Re: Ron's Historic Recipes Results
1st thing: I used 1.87oz/3gal, not lbs/bbl - I have to look at Ron's recipe again for the TT porter. But it sounds you're on the right track. One guy conferring w/ Ron said that a scale-back of 25% hops would be more accurate in that present day hops have more AA%. That's what I did if I recall. Its not a huge difference i don't think. Taste the hop tea and you'll see it will have a fair amount of bitterness. I steeped mine for a couple of hours - during the mash + sparge. After carmelizing a portion of the first runnings into a thick goo in the kettle, then I poured in the hop tea. It felt good.

I would say there was some flavor (call it 1st wort hopping in a way), but mostly bitterness. No aroma to the brew - but the kitchen smelled great. These are bitter beers which mellow after long maturation, I reckon.

I plan to do a 1906 Fuller's Old Burton next (I forget where I found this one). Its a strong ale 1075 with some flaked maize, sugar, and caramel (not crystal) - this perplexed me - a brewer's caramel I think, it was 0.8oz/5gal. Although here, I'll add hops in wort.

I also did a 1877 triple stoudt - 40% pale, 40% amber, 17.5% brown, 2.5% black + 6oz kent/5gal. Unfortunately, some hop leafs found their way into the carboy, more specifically, the blow-off tube......I'm still finding black spots all over the cellar.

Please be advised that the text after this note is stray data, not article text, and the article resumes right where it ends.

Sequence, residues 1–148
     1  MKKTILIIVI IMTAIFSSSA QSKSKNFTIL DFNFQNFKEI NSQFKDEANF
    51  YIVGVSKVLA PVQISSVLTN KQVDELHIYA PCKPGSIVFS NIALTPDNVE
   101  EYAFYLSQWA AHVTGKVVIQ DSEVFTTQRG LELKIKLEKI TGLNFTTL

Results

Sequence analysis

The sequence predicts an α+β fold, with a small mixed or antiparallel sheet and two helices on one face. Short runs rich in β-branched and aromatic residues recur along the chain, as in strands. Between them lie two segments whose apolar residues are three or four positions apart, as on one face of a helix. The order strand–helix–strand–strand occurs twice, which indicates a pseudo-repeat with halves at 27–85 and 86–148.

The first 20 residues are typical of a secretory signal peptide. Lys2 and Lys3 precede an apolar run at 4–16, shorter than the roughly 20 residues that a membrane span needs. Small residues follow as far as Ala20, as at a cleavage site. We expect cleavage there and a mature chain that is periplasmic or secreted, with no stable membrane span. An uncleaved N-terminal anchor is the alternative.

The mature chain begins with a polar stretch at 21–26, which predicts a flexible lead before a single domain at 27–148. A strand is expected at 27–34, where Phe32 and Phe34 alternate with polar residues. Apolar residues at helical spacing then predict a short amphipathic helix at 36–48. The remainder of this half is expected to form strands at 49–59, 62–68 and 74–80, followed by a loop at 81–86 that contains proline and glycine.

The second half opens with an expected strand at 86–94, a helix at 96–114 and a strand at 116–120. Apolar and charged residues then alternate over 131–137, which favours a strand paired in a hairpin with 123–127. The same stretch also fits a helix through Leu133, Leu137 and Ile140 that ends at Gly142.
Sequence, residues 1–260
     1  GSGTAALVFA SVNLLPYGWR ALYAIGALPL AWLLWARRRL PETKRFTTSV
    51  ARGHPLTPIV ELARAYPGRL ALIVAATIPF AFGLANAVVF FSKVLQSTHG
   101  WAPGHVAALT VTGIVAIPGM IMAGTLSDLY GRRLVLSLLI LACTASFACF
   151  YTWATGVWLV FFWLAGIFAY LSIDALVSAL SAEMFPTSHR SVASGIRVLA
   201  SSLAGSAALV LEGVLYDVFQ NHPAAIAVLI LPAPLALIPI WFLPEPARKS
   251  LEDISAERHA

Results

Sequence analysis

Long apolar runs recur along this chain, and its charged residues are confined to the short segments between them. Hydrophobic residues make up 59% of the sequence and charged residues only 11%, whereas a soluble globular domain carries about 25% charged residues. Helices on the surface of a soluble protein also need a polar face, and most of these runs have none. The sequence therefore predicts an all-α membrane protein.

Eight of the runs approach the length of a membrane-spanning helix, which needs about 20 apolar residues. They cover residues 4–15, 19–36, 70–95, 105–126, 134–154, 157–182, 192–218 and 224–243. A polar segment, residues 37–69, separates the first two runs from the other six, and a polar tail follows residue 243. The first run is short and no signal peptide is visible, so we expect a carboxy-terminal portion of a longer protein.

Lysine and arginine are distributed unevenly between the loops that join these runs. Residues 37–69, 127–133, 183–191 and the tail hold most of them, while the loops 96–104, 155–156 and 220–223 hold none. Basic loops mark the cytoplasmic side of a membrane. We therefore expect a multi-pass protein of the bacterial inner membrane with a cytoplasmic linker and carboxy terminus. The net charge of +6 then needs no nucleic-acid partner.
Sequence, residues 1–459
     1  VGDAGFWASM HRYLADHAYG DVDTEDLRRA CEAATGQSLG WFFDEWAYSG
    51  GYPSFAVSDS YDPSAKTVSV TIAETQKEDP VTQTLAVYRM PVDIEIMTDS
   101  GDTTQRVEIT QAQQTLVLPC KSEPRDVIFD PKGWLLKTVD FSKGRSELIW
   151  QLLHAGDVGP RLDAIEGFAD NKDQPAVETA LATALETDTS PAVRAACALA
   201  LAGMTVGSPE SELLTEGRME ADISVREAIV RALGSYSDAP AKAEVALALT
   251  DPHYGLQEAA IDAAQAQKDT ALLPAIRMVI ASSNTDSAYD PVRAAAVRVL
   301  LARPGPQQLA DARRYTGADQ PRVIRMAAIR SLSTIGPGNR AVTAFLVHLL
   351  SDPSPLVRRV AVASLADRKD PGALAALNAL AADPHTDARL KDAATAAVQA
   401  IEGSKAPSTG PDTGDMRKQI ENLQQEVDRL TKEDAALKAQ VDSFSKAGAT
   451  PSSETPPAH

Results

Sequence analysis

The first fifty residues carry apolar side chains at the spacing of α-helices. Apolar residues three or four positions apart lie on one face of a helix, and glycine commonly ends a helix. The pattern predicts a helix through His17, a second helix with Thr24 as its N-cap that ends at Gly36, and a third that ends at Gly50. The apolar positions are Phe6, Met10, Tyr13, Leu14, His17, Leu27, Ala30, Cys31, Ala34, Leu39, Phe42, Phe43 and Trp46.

10/01/08 01:31 PM  
Re: Ron's Historic Recipes Results
I have the amber and brown malt already purchased to do one of the old time XXX porter/stouts. We'll still plan on adding a bit of roast malt but not the normal 10-12% I use in my modern imperial stouts.

Now just to find some time and build up a slurry.


11/19/08 02:50 PM  
Re: Ron's Historic Recipes Results
Finally brewed the batch of SSS stout last weekend. For 25 lbs of grain total, it was 3 lbs of brown malt and 4.25 lbs of amber malt.

Yeast was a combo of Yorkshire and Thames Valley slurry.

cheers petec

12/02/08 04:42 PM  
Re: Ron's Historic Recipes Results
For the SSS stout from whitbread, mine went from ~1.100 down to 1.018 after 15 days of primary. 2 lbs of sugar were part of the bill for my 3.5 gallons worth.

It'll rest in secondary for a few weeks then go to keg either right before the holidays or right after.

cheers petec

04/02/09 09:12 PM  
Re: Ron's Historic Recipes Results
Finally got around to brewing a 1844 Griffin regular porter today. Tasted pretty good going into the fermenter. Now I need to try a historic IPA!
Al B
04/03/09 07:11 AM  
Re: Ron's Historic Recipes Results
Good to hear Witsok,

I'm about to bottle my latest 1805 Barclay TT Porter (this batch I got the starting gravity right). Hopefully I can squeeze it into a comp. The large amount of brown malt produces a very unique porter.

Al Barclay

07/27/09 09:52 PM  
Re: Ron's Historic Recipes Results
Just put the porter on tap. I must say that I was impressed. I can see why porter was so popular. For such a simple beer, it truly has a multi-dimensional character. It is so nice having a roasty beer that isn't astringent. I like it better than many modern day porters.

Just brewed an IPA based on Ried's 1839 IPA. Steeped 10 oz of Fuggles in the brewing liquor the night before brewing. 100% Golden Promise ferment with Wyeast 1099. Just transfered to secondary with 2 oz of Fuggles and 1 oz Goldings for dry hops. Hope it turns out as good as the porter.